What You Need to Know about Understanding Blood Pressure Numbers

(GoHealthier.com) – No matter your health status or situation, everyone should understand what a blood pressure reading means. As part of any routine examination, you’ve likely had your blood pressure taken many times. It’s also something you can monitor at home. However, deciphering the blood pressure readings can be a bit confusing to anyone who hasn’t undergone medical training.

Let’s take a look at what those top and bottom blood pressure numbers mean, the factors that can affect your blood pressure, and the numbers considered within normal range. As always, it’s best to get an accurate blood pressure reading from a medical professional — and if you have any questions or concerns about your blood pressure, you should speak to your doctor right away.

The Difference Between Systolic and Diastolic Blood Pressure

Systolic blood pressure is the ‘top’ number, and diastolic blood pressure is the ‘bottom’ number. When a medical professional reads your number to you, it will usually sound like a fraction: “FirstNumber over SecondNumber.”

Decoding the Blood Pressure Numbers

What exactly does each of these blood pressure numbers mean? Let’s take a look.

The systolic number represents the pressure of force your heartbeat creates by pushing blood through the rest of your body via your arteries. The diastolic number represents that pressure between beats, when the heart is resting. During this time, your heart is getting oxygen and being filled with blood.

What Are Normal Blood Pressure Readings?

Normal blood pressure readings are officially below 120 for systolic and under 80 for diastolic. An elevated heart rate is represented by a systolic reading of 120-129.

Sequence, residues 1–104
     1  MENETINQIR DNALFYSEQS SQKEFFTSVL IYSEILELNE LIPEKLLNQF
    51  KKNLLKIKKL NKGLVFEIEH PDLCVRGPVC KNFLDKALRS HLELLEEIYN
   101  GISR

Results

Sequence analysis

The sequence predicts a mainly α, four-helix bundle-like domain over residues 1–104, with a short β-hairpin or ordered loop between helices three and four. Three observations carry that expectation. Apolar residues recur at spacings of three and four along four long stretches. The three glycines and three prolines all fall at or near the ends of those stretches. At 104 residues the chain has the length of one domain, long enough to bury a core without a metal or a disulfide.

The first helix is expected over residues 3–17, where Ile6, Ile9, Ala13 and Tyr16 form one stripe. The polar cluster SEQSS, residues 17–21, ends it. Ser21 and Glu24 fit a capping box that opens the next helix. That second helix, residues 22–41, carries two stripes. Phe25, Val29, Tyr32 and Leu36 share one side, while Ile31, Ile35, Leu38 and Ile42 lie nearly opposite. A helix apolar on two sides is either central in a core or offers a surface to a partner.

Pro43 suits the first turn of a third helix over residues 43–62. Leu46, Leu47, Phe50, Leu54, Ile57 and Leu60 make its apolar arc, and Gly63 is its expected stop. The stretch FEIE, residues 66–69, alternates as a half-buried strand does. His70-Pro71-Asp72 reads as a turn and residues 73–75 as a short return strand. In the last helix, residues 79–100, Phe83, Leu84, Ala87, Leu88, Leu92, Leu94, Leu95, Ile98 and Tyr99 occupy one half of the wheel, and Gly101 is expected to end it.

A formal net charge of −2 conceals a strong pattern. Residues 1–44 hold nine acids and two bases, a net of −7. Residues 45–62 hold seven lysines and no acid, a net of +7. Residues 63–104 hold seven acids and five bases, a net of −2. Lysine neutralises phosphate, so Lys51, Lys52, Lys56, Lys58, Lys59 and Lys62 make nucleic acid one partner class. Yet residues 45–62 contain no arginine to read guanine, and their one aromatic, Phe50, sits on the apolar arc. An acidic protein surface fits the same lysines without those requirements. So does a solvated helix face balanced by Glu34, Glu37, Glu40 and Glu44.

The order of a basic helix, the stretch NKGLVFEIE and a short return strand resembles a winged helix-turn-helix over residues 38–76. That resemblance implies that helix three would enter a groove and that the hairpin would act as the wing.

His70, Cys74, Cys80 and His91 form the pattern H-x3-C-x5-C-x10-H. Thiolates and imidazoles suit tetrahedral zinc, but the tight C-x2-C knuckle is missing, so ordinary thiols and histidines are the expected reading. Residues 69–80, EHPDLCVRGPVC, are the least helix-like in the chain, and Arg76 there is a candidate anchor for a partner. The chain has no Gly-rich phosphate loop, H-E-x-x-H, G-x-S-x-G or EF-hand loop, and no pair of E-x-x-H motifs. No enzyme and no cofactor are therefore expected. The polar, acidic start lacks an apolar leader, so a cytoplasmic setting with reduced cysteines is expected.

Higher numbers can indicate hypertension, which is the medical term for high blood pressure. The Stage 1 hypertension number is 130-339 for systolic, 80-89 for diastolic; for Stage 2 it’s 140 or above for systolic and 90 or above for diastolic. If your numbers are over 180 or 120, respectively, it is a medical emergency and you should call 911.

If one of your numbers is high and the other is low, you might still have high blood pressure or another heart issue. For more information, speak with a medical professional.

What Happens if You Have High Blood Pressure?

If you’re diagnosed with high blood pressure, your doctor may suggest one or more treatments. Among those treatments are changes in diet and exercise, which can reduce blood pressure steadily and quickly. Your doctor may also proscribe medication such as lisinopril (water pill), effective for reducing blood pressure. Weight loss, exercise, and certain diets can all aid in the treatment of blood pressure.

Additionally, chronic stress can contribute to high blood pressure — and reducing that stress can lower your blood pressure. Your doctor may suggest mindfulness exercises and mental health therapy to complement medication and lifestyle changes.

Other factors can also help you lower cholesterol, including better quality sleep, a good sleep schedule, quitting smoking and limiting alcohol, lowering caffeine intake, and asking friends to positively support you in your journey.

Sodium Intake and High Blood Pressure

Salt is one of the contributing factors to high blood pressure for many people. You can reduce salt by cooking at home, so you can control the amount of salt in your food, be aware of food labels, eating fewer processed foods, and avoiding the temptation to add salt to your meals.

The amount of sodium you should consume depends upon your lifestyle and blood pressure, so ask your doctor. However, most adults should have 1,500 mg per day or less.

Whether you’ve found out about your high blood pressure through a routine exam or a cardiac event, there’s good news: it’s treatable, and there’s usually room to improve quickly.

Copyright 2024, GoHealthier.com